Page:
Read Time: 10 min. Every now and then, we get requests on what it’s like to work at a worker-owned cooperative. So we thought we’d offer this helpful tidbit to those of you who are currently working at a co-op and trying to find ways to grow. This is just an S2-tailored list of some of our favorite people who helped us become (and are still helping us!) who we are today. We’d also love to know who YOU believe are the support systems of your cooperative! If you’d like to have the contact of the exact folks we work with, feel free to reach out to us at email@example.com. That way, we can forward you our various consultants’ info + email deets.
A Culture Consultant with an Anti-Racist Lens
We work with NONWHITEWORKS.
We initially hired a consultant to help us with some transitions in our office. But because we prioritized someone who was representative of our values, our consultant continued to help us beyond that point. One of our members, Jordan, even made a rubric to help us choose a consultant. While this rubric is not comprehensive of our values, it offered a great jumping point for us to start finding folks that fit our basic needs at the time:
- a person of color
- a person who worked with cooperatives before
- a person who worked with small businesses before
- a clearly outlined workshop (having tangible deliverables was really important to us so we didn’t get lost in the sauce or have endless discussions without action), and
- a clear timeline.
We all contributed to creating the final rubric and it served us well in finding someone who suited our organizational needs. By having an office culture consultant, we were able to have expertise on many topics:
- How to make our hiring process equitable
- How worker-owner transitions could work, and
- Our consultant would even challenge us to grow and imagine ways of structuring our cooperative.
We’re now able to handle many of these challenges on our own from coming up with how to support those through bereavement, having a baby, and professional development. Of course, none of it is perfect as we are still learning and it is tough to work with limited resources, but the ways in which we are able to re-imagine a cooperative and use our resources in ways that truly benefit our members’ wellbeing and their life beyond the workplace has been exceptionally valuable for us.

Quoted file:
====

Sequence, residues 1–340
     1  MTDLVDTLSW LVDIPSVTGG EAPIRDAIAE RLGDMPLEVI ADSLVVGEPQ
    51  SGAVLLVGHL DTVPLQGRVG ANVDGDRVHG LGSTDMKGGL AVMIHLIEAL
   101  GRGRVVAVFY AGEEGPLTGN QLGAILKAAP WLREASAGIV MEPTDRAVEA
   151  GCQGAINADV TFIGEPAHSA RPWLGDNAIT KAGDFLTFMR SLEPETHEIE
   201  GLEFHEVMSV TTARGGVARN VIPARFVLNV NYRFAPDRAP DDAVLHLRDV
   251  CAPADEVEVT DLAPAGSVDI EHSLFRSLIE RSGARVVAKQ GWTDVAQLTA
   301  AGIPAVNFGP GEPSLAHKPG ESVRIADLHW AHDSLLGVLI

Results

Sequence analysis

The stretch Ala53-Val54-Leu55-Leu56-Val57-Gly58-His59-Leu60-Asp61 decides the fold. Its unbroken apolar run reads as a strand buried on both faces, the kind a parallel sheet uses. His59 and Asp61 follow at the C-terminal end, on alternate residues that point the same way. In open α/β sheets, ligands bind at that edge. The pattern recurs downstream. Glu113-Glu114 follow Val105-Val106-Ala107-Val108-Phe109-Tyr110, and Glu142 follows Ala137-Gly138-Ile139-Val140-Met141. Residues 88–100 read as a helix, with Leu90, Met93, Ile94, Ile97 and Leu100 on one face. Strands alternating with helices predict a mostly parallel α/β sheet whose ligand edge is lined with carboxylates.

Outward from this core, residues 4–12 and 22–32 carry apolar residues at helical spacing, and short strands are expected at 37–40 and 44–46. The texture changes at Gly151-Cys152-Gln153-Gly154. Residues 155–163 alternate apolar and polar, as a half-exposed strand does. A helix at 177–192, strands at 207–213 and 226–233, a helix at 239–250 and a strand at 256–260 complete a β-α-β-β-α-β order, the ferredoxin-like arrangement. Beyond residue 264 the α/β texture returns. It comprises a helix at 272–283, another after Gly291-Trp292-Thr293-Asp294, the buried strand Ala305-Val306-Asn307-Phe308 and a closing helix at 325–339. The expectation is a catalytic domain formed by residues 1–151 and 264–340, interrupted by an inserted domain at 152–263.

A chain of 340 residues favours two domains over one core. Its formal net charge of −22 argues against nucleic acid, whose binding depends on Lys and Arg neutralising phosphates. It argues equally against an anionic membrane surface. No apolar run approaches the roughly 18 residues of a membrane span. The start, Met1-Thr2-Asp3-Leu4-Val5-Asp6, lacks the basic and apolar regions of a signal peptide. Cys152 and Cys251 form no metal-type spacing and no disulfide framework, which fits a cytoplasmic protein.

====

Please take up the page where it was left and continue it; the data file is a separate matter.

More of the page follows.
A Lawyer who Loves Cooperatives
We work with Cerebrate Law, PLLC.
Working with a lawyer who absolutely loves cooperatives (and has even attended some of our wild karaoke and board game sessions during pre-pandemic times) has been a gamechanger. For us, it was really important to have someone who could translate those legal documents into palatable language AND someone who could help us find creative solutions in a timely manner.
By having a lawyer in our court, we were able to see what limitations we had from our own by-laws, as well as how we as a creative studio could protect ourselves in the event of job mishaps and whatnot. It was also nice to have a lawyer who was down-to-earth and not condescending to us, and as simple as that might sound, that’s also something we try to carry into our work. While we might be the experts in the design, we still defer to our clients as experts in their work, everyone has something to bring to the table!
An Accountant Who has a Co-op Network
We work with Business Services Cooperative.
We feel super lucky to have our accounting team. Through the pandemic they were able to:
- Help guide us through applying for tricky loans
- Willing to chat with our lawyer if needed
- Suggest when we needed to ask our lawyer q’s instead of them, and
- They were proactive in sharing their networks with us.
Our accounting team is also pretty familiar with worker co-ops and the politics behind them. So we encourage any new co-ops to find an accountant with the same skillset! We’ve also worked with independent accountants who helped us during our itty-bitty co-op days. We are especially thankful for those that helped us when we were still growing into what we are today.
There are so many people who help make our cooperative what it is. From our family and friends to our community including these three folks, we are grateful to have so much support on our side. But what do you all think? Who do you believe is a crucial non-member of your cooperative? What do you think helps make a difference in a cooperative team?
You’ve got the info, you’ve got the tools, now get on out there and make Huey the S2 Manatee proud! If you have any feedback or additional tips on writing CTAs, please share them with us and we’ll circulate them to our community. You might even find your writing tips featured in our newsletter!